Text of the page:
Before we get to a list of great games that follow these rules and, hopefully, avoid AP, I would be remiss if I didn’t cover the social angle of this problem. Because AP is a people problem, not a gaming problem, it falls to us to responsibly recognize the issue and deal with it both as paralyzed and paralyzed co-player.
If people are complaining that you play too slow, you really need to think hard about how you can move along faster. Recognize that you are removing some of the fun from the game and lessening the enjoyment of others when you take extended periods to plan, think, and resolve. You might feel you need this time, but you must learn to do the best you can with a mix of intuition, experience, and bravado, not just hard processing. Don’t rush or be rushed, but keep up a pace. Like driving, where you go with the speed of the traffic, try to play at the speed others play – even if it hurts your game or you feel uncomfortable at first, I’m sure you can with practice acclimatize yourself. Lastly, don’t just sit there thinking. Consider talking out your moves as you consider them. It can help keep the other players occupied to play along with your line of thinking or follow your progress.
To the person waiting, I remind you of the virtue of patience. Be conscious of how you may have an easier time in a game through practice or experience; other new players may not find it as effortless as you. You may have an instinct to try to help things along, but this is a sensitive issue with many gamers. It can easily come across as judgmental, condescending, or rude. But worse, all it often accomplishes is interrupting a person already hard at work. An interruption you can ill afford. So fight the tendency to interject – a brief, clear reminder to keep things moving should be enough to prompt a play from the paralyzed.
So, which games fit our criteria? Let’s look at a few examples.
Race For The Galaxy and Puerto Rico: These games employ simultaneous game play to keep things clicking along. Everyone is taking short, direct actions and each phase of the game (selecting roles and playing cards or resetting between rounds) is shared. By breaking down the actions into a continuous pace, there’s little need for any player to really puzzle over what they should be doing next. Turns are brief and shared.
Tower of Babel and Settlers of Catan: These games keep everyone busy. There is a continuous need to contribute to a trade or auction which has very direct consequences. A player is always participating in the current action, considering offers from other players and only making a simple choice to accept or reject.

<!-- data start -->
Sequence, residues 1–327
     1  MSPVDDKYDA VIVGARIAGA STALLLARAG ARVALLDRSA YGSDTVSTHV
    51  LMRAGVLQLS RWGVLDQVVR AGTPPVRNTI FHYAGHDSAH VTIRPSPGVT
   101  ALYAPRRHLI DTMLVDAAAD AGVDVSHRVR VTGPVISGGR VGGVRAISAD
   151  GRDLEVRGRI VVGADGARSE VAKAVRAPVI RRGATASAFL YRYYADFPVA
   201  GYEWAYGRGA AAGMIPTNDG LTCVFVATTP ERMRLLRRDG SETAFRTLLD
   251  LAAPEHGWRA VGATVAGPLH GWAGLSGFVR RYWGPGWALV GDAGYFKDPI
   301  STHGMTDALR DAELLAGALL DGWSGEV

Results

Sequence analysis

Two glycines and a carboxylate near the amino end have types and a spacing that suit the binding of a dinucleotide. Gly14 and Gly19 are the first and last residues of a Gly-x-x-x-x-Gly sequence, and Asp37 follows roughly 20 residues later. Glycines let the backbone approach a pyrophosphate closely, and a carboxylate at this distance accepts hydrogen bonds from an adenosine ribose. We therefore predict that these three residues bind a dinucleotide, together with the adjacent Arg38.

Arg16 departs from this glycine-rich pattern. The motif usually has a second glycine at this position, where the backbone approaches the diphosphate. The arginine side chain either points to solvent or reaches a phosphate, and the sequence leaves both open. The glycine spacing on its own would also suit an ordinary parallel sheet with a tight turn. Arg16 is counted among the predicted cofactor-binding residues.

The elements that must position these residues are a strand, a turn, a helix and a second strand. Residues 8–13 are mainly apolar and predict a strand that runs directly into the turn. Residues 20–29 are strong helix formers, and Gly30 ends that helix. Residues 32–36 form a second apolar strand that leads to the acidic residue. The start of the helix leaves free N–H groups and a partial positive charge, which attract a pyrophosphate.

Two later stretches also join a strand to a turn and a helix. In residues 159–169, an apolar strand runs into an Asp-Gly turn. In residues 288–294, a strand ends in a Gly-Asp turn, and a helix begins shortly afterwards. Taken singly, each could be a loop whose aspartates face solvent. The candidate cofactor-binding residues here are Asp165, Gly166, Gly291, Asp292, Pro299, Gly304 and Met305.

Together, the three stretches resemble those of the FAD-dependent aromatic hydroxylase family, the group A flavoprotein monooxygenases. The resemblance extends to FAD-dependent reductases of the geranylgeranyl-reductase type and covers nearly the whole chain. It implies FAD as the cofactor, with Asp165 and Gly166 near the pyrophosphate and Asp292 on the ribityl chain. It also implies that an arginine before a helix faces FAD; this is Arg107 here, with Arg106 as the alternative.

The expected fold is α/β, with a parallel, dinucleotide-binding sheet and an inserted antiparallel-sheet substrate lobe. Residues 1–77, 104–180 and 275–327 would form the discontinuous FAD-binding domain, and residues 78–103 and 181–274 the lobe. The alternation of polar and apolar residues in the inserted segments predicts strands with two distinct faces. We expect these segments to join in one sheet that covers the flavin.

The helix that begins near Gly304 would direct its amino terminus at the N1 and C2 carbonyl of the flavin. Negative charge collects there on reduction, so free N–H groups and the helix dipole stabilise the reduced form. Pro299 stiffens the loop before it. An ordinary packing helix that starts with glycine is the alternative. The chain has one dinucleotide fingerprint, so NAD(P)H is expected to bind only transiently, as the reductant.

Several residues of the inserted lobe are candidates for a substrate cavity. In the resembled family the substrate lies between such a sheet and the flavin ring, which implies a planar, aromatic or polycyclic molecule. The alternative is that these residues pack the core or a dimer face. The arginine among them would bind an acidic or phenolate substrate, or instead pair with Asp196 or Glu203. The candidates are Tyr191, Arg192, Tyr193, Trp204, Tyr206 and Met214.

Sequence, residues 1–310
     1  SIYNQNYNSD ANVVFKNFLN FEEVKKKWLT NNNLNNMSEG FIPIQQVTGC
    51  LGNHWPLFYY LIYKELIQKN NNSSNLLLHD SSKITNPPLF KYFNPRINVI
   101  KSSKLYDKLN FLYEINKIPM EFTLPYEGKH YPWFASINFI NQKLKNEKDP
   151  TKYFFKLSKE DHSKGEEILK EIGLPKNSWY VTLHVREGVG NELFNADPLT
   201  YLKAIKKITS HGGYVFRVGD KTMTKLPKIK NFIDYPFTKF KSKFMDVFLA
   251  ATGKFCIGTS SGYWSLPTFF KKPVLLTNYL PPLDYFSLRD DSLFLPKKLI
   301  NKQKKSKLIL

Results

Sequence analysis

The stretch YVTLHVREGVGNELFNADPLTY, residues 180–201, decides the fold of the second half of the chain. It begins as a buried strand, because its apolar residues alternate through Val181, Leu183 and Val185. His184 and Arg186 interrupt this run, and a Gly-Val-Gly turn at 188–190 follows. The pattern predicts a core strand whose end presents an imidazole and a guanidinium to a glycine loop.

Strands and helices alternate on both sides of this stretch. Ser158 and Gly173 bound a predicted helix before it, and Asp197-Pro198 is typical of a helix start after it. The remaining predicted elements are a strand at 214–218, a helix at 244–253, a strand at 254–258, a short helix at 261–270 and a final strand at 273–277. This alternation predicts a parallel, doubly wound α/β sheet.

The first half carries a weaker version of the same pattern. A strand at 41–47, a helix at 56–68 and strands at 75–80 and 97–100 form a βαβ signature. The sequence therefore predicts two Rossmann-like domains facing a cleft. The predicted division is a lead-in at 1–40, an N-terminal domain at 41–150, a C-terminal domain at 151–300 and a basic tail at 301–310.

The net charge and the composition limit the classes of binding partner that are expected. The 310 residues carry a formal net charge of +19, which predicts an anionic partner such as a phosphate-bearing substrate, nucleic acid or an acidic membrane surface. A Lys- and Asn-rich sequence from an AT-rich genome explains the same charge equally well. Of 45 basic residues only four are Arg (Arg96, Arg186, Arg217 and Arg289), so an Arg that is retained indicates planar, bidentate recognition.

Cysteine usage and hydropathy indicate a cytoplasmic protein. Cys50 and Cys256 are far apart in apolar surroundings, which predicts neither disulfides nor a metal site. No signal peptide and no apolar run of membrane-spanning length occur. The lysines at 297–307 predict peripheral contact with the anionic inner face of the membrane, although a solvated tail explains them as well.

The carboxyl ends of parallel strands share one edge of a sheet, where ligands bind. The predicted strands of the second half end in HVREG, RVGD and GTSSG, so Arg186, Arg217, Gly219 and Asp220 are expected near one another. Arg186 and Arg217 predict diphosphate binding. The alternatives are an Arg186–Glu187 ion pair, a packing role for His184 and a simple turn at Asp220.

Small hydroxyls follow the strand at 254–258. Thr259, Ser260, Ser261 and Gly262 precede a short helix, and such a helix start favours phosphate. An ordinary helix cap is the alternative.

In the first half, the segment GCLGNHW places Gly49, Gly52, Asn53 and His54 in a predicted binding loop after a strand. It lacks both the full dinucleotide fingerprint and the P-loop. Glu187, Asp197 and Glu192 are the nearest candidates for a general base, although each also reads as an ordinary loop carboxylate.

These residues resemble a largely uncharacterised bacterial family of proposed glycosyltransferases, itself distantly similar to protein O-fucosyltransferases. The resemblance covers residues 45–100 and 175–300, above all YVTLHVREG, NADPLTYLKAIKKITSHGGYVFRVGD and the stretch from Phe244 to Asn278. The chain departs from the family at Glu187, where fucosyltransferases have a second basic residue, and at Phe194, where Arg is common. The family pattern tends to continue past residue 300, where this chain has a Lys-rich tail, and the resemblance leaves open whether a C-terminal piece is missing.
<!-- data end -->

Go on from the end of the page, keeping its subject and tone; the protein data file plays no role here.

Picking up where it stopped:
Magic: The Gathering and El Grande: Fast action sequence is the main feature in these. At each step, the player should find it quite easy to make a simple, elemental choice to keep the game moving. Choose a card, play the actions, improve your state and pass to the next player. Things are generally up front and strategy is direct.
Wings of War and Red November: Clear, clear, clear. The objectives here are so obvious and the action of play so straight that there’s nothing to really get bogged down in. “Shoot him down” is your only plan in the first with simple you think I think strategy, yet it is lots of fun even for a large group. And cooperative games offer a chance for players to collaborate on the outcomes so that one player’s turn is every player’s turn.
Carcassonne: Hunters and Gatherers and Through The Desert: These games have going for them elements of simplicity. You turn? Take a tile and play a tile. Choose two pieces, play two pieces. By sporting cumulative small actions and an evolving board position, there is never really a daunting challenge of planning but instead emergent strategy and collective results.
Avoiding analysis paralysis is something we all want to do, whether we suffer from it or suffer through it. Do learn to take your time and play well, but remember its part of the fun of a game to play with a light heart and jaunty pace. Don’t let the situation drag out or grind down… this is just a game! Every play need not be perfect. After all, there’s always another chance to play.